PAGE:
Usurper of the Sun
I am slowly working my way through the Haikasoru catalog, as quickly as the library here adds titles. Their most recent acquisition is Nojiri Housuke’s Usurper of the Sun, an expansion of three earlier short stories. The original short story won a Seiun Award in 2000, the book won a second Seiun in 2002. It is one of the first novels that Haikasoru published, and more to my taste than some of their other titles. Why? Because Usurper is the first full-on Hard SF I have read from Japan. No anime, no otaku, no giant robots, no tentacles, just a bunch of scientists and a big mysterious object. It’s probably not the only Hard SF out from Haikasoru, but it’s the only one I’ve found so far.
Nojiri mixes and matches his science throughout. His BMO is a thin ring that blooms out of Mercury, blocking an increasing amount of Earthbound sunlight on its eventual way to becoming a Dyson sphere. Earth is plunged into a catastrophic freeze as scientists worldwide struggle to figure out why the ring is there, who put it on Mercury on the first place, what it is supposed to do, and how humanity is to survive the seeming assault from the stars. The book touches on astronomy (of course), the nature of AI and consciousness, nanotech, first contact and alien communications, climatology, and a bit of the softer sciences as we watch Earth dismantle itself in panic. I have to confess that some of the discussion of introverted and extroverted consciousness sailed above my head, but I caught just enough for the conclusion to make sense. This is Hard SF, so the science is the focus as much as, or more than, the characters, but that’s kind of a subgenre given at this point.
Usurper differs a bit from other Japanese SF I have read in the general exclusion of Japan. The main character, Aki Shiraishi, is Japanese, but she spends most of her time in California, in Texas, or in space. Her interactions are also primarily with Westerners, so thematically there is very little to differentiate Usurper from any other science fiction. This is not a critique of course, just an observation. In the real world, any large scale space effort would be based in the United States as a matter of economic course, so it is entirely natural that Nojiri’s book would also spend most of its time dealing with the US, the EU, and the UN. There are however two points that stand out, though whether they are intentional or just a product of cultural background noise is not a question I am prepared to answer.
There are two responses to the aliens trying to, er, usurp the sun. Many see it as a preemptive attack on humanity, or at the very least blithely ignorant genocide, and agitate to fight back. Others frame it as a big misunderstanding and push for a peaceful first contact. Even if this is a misunderstanding in the same way that, say, the Great Leap Forward was a multi-million fatality economic misunderstanding, it is obvious that the aliens are so technologically superior that “war” would probably be more like “swatting gnats.” “Not so!” argue the militants. “We could probably get a good lick or two in. Besides, we might as well go down fighting.” The pacifists are not convinced by any of this reasoning and take their own steps towards talking with the aliens. Considering the nationality of the writer, I will give readers exactly one guess as to which countries take each position. Give up? Here’s a hint: George W. Bush had just taken over the White House when Usurper was published. (To be fair, this was pre-9/11, so the Invade Iraq drumbeat had yet to begin. Still, we Americans had been seen as warmongers for many, many years before toppling Saddam.)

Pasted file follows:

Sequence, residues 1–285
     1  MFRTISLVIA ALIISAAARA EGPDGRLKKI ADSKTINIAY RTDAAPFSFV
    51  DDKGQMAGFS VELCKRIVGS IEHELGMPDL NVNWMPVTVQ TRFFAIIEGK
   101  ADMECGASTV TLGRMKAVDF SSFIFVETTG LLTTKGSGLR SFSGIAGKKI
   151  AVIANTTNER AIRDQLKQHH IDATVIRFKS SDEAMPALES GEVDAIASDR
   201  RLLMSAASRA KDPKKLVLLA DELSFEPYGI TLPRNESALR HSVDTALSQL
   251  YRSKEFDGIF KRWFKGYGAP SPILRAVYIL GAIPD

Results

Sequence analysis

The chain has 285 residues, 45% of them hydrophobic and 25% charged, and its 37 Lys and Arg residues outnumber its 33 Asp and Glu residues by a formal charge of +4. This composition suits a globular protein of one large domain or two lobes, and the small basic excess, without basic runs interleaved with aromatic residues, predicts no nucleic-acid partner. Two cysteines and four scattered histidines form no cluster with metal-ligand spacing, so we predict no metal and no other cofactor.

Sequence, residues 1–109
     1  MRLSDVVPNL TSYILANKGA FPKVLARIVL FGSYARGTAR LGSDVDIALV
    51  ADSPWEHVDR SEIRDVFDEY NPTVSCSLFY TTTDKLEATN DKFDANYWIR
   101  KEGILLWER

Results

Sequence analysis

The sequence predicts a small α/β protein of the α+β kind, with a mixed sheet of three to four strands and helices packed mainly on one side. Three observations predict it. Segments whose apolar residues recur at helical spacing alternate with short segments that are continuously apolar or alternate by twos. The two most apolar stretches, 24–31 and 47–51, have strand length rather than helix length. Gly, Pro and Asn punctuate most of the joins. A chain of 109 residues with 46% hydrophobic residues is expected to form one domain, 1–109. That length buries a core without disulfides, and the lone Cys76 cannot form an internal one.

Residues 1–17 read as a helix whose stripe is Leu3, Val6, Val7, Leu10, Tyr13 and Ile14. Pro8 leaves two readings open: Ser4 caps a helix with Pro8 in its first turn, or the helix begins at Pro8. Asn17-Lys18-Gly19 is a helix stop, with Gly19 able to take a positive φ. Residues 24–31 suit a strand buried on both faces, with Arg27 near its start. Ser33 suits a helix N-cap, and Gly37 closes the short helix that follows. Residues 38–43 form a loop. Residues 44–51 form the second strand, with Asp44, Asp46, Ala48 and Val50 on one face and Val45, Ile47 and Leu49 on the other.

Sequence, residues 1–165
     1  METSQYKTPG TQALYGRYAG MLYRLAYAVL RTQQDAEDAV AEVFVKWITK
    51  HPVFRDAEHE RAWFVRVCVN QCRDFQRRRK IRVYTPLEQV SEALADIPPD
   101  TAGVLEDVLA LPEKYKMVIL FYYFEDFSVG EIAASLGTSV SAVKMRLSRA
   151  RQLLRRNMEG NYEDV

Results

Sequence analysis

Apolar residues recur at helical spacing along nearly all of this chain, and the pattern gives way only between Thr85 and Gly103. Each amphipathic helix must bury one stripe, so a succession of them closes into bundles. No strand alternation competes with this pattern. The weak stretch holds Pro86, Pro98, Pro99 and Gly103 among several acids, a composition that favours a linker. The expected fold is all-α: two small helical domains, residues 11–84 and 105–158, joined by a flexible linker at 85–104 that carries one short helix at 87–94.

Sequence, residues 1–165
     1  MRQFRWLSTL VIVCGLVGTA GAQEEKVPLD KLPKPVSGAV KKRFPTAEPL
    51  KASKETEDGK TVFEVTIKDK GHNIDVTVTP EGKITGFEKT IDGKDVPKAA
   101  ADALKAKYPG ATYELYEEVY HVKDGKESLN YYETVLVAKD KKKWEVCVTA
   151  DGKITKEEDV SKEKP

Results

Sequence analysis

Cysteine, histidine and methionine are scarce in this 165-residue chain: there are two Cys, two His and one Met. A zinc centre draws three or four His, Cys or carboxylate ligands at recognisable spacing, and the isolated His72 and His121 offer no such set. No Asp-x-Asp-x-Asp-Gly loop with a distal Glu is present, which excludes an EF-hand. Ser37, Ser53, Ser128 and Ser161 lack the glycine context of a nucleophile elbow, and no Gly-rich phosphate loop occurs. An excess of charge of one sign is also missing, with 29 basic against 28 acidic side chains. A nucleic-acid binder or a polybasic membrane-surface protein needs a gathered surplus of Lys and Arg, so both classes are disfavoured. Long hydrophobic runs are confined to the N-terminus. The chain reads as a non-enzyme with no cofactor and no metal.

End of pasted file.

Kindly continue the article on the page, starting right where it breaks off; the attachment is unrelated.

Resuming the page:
The second point could be entirely of my own imagining. Midst the discussion of consciousness, there is a lot about minds focused entirely inward, uncommunicative because they either don’t notice or don’t care about anything outside. I don’t think it spoils anything too much to say that the aliens blocking out the sun’s light are doing so because they feel this way about Earth and its inhabitants (or don’t feel, as the case may be). I wonder if Nojiri isn’t offering subtle commentary about Japan, a nation often accused of being uninterested in the outside world and overly focused on itself. I could be making this up, especially in light of recent domestic media hysteria about Japan’s insularity. Still, this is hardly a new topic and I think there are certainly comparisons that can be made. Japan isn’t actively harming anyone else right now (that I know of), but how much more good could the Japanese be doing if they turned outward a little more and engaged the rest of the world? This was the message that lingered for me after I turned the last page; I probably owe it to myself to dig into some Japanese reviews of the book to see if anyone else thought so. Perhaps this is a project for later.
Beyond these messages, Usurper is pretty typical Hard SF. Lots of science, lots of talking about science, a mix of respect for and distrust of the military, awkward romance, and partially developed characters, usually engaged in science. The reader’s reaction to this book will depend almost entirely on preconceived notions of Hard SF; non-fans will probably want to skip it. Anime fans may come away disappointed unless their minds are open to a little more science than giant robots provide. Those who prefer Clarke, Benford, or Niven will likely enjoy Nojiri’s book more than other, squishier Haikasoru titles. I’m a huge fan of both first contact and big mysterious objects, so I hope that more of this sort makes it into English. I’ll be the first to read and review it when it does.
Rating: The Kashima Antlers. Clinical and efficient, they are Japan’s most successful club team.